Forming a legal entity is not always an immediate consideration for start-ups. In some cases, founders may choose to delay formalizing their relationship to ensure that other important business details are first put in place. At a certain point, the founders begin to think about when they must formalize their agreement and form a legal entity. Ask the following questions to assess whether the time has come to form a company for your start-up:
Moving past a solopreneur
Bringing on a co-founder can be the best time to form an entity if the original founder has not already. This enables the parties to think about important details and to make sure that they are on the same page before getting started. A few important details to think about when discussing the terms:
Ownership share. Ask who owns how much;
Vesting schedules. Establishing when rights to such ownership are fully vested;
Allocation of profits and losses. In some cases, this can be different than ownership;
Exit options. Set procedures in place to establish the rules for exiting while things are good;
Valuation. Establish procedures to routinely discuss and assign a value to the entity.
Take the time to write things down each time someone enters (or exits) the organization with ownership rights. Investors will look for these formalities and it will go a long way to minimize arguments between co-founders – even if the startup does not look to bring in outside investors.
Before seeking a patent
Intellectual property is frequently the most valuable asset of most startups. Protecting that asset is expensive, but not as expensive as failing to put the protections in place. Forming an entity before protecting the IP can make things easier by:
- Ensuring that all assets are owned by the entity rather than the individual creators/founders;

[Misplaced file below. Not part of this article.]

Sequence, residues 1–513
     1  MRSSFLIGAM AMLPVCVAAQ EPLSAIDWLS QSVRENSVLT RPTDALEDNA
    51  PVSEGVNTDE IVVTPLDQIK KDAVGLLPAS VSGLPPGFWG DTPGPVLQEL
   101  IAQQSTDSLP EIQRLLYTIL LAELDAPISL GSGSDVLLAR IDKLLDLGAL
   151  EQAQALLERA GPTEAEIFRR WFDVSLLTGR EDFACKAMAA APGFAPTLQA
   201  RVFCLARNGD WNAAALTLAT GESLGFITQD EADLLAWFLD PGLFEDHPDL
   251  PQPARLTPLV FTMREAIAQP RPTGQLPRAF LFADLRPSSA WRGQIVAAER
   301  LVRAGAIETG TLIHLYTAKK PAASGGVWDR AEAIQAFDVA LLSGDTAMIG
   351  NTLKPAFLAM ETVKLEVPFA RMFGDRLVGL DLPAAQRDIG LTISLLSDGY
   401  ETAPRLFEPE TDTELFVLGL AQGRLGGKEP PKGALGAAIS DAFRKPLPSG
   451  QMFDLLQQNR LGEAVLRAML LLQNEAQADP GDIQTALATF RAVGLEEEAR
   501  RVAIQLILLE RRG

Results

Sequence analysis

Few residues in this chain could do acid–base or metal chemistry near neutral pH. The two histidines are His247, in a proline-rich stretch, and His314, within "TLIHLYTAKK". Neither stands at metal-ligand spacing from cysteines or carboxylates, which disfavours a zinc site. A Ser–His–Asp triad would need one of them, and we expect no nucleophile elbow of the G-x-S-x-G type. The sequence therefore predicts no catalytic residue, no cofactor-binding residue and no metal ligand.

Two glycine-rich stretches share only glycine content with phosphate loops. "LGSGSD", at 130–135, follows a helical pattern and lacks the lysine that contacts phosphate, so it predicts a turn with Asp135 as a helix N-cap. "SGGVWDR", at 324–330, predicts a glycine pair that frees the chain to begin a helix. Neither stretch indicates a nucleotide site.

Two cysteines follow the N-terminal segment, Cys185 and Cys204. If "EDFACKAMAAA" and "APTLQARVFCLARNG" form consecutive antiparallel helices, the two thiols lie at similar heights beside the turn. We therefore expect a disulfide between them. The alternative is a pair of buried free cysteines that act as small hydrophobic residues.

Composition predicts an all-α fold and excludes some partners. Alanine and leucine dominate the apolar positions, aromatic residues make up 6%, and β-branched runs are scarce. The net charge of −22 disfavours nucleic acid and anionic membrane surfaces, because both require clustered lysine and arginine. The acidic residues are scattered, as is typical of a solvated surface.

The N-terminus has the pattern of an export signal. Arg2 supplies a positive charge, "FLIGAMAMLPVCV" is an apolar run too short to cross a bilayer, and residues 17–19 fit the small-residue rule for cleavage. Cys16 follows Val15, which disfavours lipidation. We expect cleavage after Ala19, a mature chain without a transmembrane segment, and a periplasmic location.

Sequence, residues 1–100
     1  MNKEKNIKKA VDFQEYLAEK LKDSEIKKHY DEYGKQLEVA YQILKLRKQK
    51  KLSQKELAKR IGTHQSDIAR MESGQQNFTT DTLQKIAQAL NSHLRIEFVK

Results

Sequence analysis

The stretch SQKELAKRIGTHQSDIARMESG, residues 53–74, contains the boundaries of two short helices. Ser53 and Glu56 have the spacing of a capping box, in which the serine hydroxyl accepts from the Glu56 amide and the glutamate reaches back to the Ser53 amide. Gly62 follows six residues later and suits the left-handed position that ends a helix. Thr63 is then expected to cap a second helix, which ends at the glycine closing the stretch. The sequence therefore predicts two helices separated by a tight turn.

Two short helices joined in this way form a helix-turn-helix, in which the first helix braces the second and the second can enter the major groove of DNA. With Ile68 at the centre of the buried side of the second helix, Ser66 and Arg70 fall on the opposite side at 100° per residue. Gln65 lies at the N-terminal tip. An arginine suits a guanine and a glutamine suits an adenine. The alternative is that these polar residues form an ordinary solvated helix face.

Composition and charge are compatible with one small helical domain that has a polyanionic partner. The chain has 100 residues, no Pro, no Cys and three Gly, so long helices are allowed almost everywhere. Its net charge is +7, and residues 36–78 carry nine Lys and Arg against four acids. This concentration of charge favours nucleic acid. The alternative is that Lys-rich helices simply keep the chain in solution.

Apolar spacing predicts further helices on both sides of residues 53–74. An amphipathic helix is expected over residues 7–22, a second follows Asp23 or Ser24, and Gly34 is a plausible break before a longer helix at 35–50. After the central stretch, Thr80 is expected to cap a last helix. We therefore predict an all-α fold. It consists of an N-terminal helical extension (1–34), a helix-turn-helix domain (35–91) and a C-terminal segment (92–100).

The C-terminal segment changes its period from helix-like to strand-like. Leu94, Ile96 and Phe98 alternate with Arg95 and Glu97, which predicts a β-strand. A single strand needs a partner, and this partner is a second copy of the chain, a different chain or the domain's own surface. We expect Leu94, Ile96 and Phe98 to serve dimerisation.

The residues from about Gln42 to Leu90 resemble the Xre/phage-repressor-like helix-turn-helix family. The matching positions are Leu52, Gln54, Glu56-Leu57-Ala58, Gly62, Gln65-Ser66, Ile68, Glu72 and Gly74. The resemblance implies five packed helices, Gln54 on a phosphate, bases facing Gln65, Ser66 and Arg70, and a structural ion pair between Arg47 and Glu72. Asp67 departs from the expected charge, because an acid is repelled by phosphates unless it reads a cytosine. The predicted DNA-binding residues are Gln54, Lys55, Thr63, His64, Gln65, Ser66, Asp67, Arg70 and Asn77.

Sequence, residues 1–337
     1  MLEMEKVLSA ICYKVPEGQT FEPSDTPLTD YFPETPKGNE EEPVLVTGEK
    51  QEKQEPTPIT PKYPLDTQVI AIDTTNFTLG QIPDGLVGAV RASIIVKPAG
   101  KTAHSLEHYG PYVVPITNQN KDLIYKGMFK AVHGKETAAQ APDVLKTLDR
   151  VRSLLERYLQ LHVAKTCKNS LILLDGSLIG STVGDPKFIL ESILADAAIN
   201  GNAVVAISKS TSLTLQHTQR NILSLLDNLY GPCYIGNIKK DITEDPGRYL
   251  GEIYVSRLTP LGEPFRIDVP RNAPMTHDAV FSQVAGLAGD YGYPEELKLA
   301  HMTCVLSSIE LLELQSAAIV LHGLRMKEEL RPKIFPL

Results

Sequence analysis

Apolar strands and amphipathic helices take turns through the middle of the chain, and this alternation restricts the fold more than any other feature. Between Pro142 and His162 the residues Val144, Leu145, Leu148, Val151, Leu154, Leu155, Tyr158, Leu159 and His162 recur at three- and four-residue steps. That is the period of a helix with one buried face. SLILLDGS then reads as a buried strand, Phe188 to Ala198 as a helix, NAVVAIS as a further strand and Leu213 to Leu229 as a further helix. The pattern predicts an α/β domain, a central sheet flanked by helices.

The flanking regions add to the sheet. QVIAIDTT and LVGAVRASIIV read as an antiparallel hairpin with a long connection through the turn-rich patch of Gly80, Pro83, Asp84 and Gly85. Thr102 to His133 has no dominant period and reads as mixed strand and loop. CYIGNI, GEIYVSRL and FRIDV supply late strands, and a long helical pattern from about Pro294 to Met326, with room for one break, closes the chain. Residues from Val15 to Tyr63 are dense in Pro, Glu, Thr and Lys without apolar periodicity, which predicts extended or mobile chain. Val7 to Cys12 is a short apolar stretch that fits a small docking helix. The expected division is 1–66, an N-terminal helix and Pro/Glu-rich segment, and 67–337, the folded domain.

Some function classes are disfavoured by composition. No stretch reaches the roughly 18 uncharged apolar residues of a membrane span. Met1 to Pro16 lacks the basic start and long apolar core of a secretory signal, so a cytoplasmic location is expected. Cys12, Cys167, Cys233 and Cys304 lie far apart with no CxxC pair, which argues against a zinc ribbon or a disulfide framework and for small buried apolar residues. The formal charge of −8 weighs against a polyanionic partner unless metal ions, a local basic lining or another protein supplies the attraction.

- Saves money associated with filing fees for assignments of the ownership of the IP;
- Minimized the chance of oversight in performing the assignments.
Forming a legal business immediately is the best practice for startups based largely on intellectual property. Doing it will save money, time, and frustration if things do not go exactly as planned.
Beginning to generate revenue
Money changes people and dynamics of every company – no matter how long the founders have known each other. Forming the entity and putting in writing how the parties will share the success is best done before the startup begins to make money. This will also help to address:
- Tax obligations and responsibilities;
- How the money will be shared:
- What debts will be paid; and
- Establish priorities for re-investment.
Nothing spoils a relationship between founders faster than a squabble over cash. Avoid this gigantic headache by putting in writing how the parties will deal with success, failure, and taxes – all of which are certain in a startup. Delaying this could result in hefty legal fees, tax penalties, and avoidable complications to your startup.
Founders looking to protect themselves in good times and bad should also be wary of doing just the minimum required. Forming an entity requires the founders to put into writing the important terms of their relationship and how it might end. Sooner is usually better than later to form an entity regardless of entity type selected.
Loop Legal offers services to entrepreneurs built on an innovative pricing model to help start-ups from launch through scaling. Contact us today to learn more.